Developers and elected officials recently gathered to celebrate the completion of Nevins Street Apartments, a 129-unit affordable housing property in Downtown Brooklyn. Located at 50 Nevins Street, the property now comprises 6,000 square feet of commercial space and over 100,000 square feet of residential area.
The developer of the complex is Institute for Community Living, which retained Dattner Architects to lead the design and completion of Nevins Street Apartments. Mega Contracting Group served as general contractor.
“In the wake of the pandemic, it is critical that we take bold action to make New York a more affordable place for all, and that is why my administration launched a comprehensive $25 billion affordable housing plan to help ensure every New Yorker has access to safe, affordable housing,” said Governor Kathy Hochul. “New York is committed to tackling the housing crisis with transformative projects like Nevins Street Apartments that drive neighborhood revitalization and provide New Yorkers with the support and stability they need to thrive.”
The full scope of work included a comprehensive gut renovation of a century-old building and construction of a ten-story addition that occupies the neighboring lot and envelopes the historic building. The original structure was completed in 1912 as a single-room occupancy residential facility by the YWCA for single women. Over the last 30 years, the developer operated the building as an Office of Mental Health-licensed transitional housing facility.
The affordable homes are reserved for households earning at or below 60 percent area median income (AMI). The residential component also includes 78 supportive units reserved for formerly homeless individuals, including formerly homeless veterans, individuals with histories of substance use, people with serious mental health concerns, and young adults who have aged out of foster care.
On-site amenities include a laundry room, a community room, a fitness center, a yoga room, and a flexible learning space. Residents will also have access to comprehensive on-site support services including counseling, parenting and life skills, family reunification and stabilization, health education, social and recreational services, and linkage to community services.
“The extensive renovations of the existing building will not only make the building fully accessible, but will also improve the energy performance of the building with efficient systems coupled with on-site renewable power generation,” said Dattner Architects principal John Woelfling. “In addition to the renovation, the project was able to expand the building footprint and density of the project through a rezoning that required support from the NYC Department of City Planning and community partners. As the saying goes, ‘It takes a village…’”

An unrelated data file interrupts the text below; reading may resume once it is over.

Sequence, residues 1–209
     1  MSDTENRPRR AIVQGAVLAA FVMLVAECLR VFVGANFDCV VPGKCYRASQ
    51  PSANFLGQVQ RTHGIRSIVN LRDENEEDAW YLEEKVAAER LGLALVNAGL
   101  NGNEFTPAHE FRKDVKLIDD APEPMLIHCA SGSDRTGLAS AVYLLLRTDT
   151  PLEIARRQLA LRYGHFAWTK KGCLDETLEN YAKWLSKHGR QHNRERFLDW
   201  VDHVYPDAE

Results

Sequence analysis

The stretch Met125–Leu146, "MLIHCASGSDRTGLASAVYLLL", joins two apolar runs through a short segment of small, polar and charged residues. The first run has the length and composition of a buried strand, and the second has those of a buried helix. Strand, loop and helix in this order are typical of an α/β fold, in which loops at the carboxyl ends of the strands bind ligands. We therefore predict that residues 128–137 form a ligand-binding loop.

Total project costs hover around $72 million. State financing for the development includes $13.6 million in tax-exempt bonds, federal Low-Income Housing Tax Credits that generated $27.3 million in equity, and $9 million in subsidy from New York State Homes and Community Renewal. Mayor Adams supported the Nevins Street Apartments project as Brooklyn borough president with $500,000 in discretionary funding in fiscal year 2021.
“We need to solve the crisis of homelessness with the crisis of housing, and I am proud to have supported a project as borough president and now as mayor that helps us do exactly that,” Adams said. “This project represents exactly what we need more of in New York City: collaboration between city and state to provide affordable homes for families in shelters, New Yorkers struggling with mental health challenges, or veterans who have served our country bravely and need a place to call home.”
The New York State Office of Mental Health will provide $1.9 million annually for rental assistance and services for the supportive units through the Empire State Supportive Housing Initiative. The New York City Department of Housing Preservation and Development (HPD) provided an additional $10.6 million from the Supportive Housing Loan Program.
A housing lottery and call for applications launched in March 2022 and will close later this month.